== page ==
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Akari Volume II

Updated: Feb 20


Release date: Aug 26th, 2022

Released by: Tsunami Sounds

Directed by: Damon Broussard

Art by: Suzuum

Videography by: Rieko Tsuji



The Akari series is a long-term study of Japanese cities, culture, and people told through a multimedia project. Volume two was released at the height of the COVID-19 lockdown and builds on the first volume by offering a short music film, a limited-edition CD, and a poster. Several artists and vendors throughout Japan were also interviewed about various topics, from city life to their hobbies, jobs, and experiences. As of September 2024, the album has gained over 400,000 digital streams and is sold in shops worldwide.


Volume three is currently in production for a late 2024 release and will expand on the series with updated interviews, insights, and interactive campaigns. From Tokyo to Ehime, we will travel to Japan for this study to observe and discuss the social landscape since COVID-19, the impact of tech on communities, and get a pulse check on Japan's creative subculture since 2022. Through the Akari series, we hope to create an educational, rich archive documenting the evolution of art, media, and culture of Japan.













 



INTERVIEWS:





My name is Asami Tono, and it's an honor to participate in the "Akari" project. Thank you very much.


I was born and raised in a small seaside town, surrounded by both the sea and mountains, where I used to ride my bicycle until dusk every day. When composing music, the first thing that comes to mind is the sea of my hometown.


From a young age, I had the opportunity to learn piano. Being good at playing by ear, I often played popular songs for my friends and even my piano teacher, who, upon hearing the pieces I composed for homework, encouraged me to pursue a career in music. Music was not only a source of joy but also gave me a sense of self-affirmation. Joining the string ensemble that was formed in elementary school and experiencing the beauty of quartets was also a fundamental experience for me.


I can't go a day without listening to music. I find inspiration in my daily routine of listening to favorite tunes or discovering new music. Inspiration also comes from books, movies, and art exhibitions.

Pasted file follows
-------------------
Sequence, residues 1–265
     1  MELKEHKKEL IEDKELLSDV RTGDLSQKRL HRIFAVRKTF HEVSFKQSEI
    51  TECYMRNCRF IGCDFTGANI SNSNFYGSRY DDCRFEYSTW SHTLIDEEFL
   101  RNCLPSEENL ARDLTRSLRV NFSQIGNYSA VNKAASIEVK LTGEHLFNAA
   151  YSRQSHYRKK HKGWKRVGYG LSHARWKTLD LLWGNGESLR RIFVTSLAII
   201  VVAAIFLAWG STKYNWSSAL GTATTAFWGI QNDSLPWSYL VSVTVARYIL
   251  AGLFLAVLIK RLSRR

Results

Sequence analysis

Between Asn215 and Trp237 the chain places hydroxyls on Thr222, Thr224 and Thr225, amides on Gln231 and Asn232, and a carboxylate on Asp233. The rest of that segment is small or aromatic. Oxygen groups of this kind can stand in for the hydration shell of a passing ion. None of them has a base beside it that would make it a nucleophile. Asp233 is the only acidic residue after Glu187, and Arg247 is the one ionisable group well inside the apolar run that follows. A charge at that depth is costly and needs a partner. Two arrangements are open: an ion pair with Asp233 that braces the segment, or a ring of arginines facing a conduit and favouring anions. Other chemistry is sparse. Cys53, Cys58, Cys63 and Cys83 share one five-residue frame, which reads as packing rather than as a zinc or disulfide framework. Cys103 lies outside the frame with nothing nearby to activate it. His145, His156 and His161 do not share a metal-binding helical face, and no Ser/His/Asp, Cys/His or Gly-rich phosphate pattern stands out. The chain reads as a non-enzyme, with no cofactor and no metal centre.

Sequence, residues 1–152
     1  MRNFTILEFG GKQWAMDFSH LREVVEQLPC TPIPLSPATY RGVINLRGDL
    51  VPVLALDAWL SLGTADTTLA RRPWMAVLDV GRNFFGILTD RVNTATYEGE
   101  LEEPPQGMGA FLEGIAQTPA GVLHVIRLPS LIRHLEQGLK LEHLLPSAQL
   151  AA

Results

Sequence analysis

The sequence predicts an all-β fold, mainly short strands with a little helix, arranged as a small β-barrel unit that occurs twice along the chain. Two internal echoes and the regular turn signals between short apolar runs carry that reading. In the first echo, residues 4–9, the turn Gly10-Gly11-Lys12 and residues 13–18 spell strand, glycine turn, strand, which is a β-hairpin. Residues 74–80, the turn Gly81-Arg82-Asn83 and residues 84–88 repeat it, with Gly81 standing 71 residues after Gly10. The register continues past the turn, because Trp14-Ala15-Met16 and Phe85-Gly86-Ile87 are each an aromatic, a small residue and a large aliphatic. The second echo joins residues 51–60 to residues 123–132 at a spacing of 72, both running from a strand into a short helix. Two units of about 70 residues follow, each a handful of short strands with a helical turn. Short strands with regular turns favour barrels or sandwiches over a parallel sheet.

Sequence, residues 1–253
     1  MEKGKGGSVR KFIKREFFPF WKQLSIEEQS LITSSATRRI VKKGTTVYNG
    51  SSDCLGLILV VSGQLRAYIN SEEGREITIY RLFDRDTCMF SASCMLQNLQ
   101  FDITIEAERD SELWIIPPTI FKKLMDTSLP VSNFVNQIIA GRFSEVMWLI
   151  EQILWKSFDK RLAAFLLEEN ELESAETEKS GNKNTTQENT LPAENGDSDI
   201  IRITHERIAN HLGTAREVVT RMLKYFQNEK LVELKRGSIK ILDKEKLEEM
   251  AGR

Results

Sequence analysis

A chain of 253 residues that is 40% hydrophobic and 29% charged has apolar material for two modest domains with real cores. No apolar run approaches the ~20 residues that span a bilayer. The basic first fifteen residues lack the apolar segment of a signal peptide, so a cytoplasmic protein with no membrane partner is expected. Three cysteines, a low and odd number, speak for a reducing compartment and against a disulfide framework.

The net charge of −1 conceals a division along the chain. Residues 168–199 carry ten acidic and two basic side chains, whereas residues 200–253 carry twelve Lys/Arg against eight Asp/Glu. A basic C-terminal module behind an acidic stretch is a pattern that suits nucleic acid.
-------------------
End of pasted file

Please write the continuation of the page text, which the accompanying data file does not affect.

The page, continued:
Like other countries, Japan has experienced significant changes due to the COVID-19 pandemic, with adults working remotely, children unable to attend school, people losing jobs, small businesses closing down, and friends unable to meet as freely. I believe the impact of this period will linger for children, who are going through a sensitive phase, and even if the pandemic subsides, things won't return to how they were before for adults either. Whether these changes are for better or worse will probably be understood much later.


I work in an office, and music is purely a hobby for me. Claiming to be an artist feels presumptuous, but I believe having a different job allows for unique expressions. I particularly enjoy expressions that are not client-driven or monetarily motivated. It's a wonderful era where anyone, regardless of age, appearance, or language, can publish their works from home through the internet.


Though there are many hardships and frustrations, I believe in healing myself by creating music and stacking harmonies I want to hear. It would truly be a pleasure if someone, somewhere, listens to my music.


Lastly, my wish for Japan is for its culture and society to mature. Reading foreign news and interviews with people from other countries makes me feel embarrassed by the immaturity of Japanese, including myself. For the world, though it may sound cliché, I hope for peace. A video of musicians playing string instruments in a subway where Ukrainians were taking refuge, and the captivated audience, deeply moved me. If music, which can transcend language barriers, could contribute to world peace and maturity, I would be delighted.


Thank you very much.





 




Hello, I'm Refeeld, and I'm active in music, focusing on lofi-hiphop. I've been given the opportunity to do an interview with Tsunami Sounds, so I'd like to answer their questions.


1 - Where were you born and raised? What was your life like in your town during your childhood and early teenage years?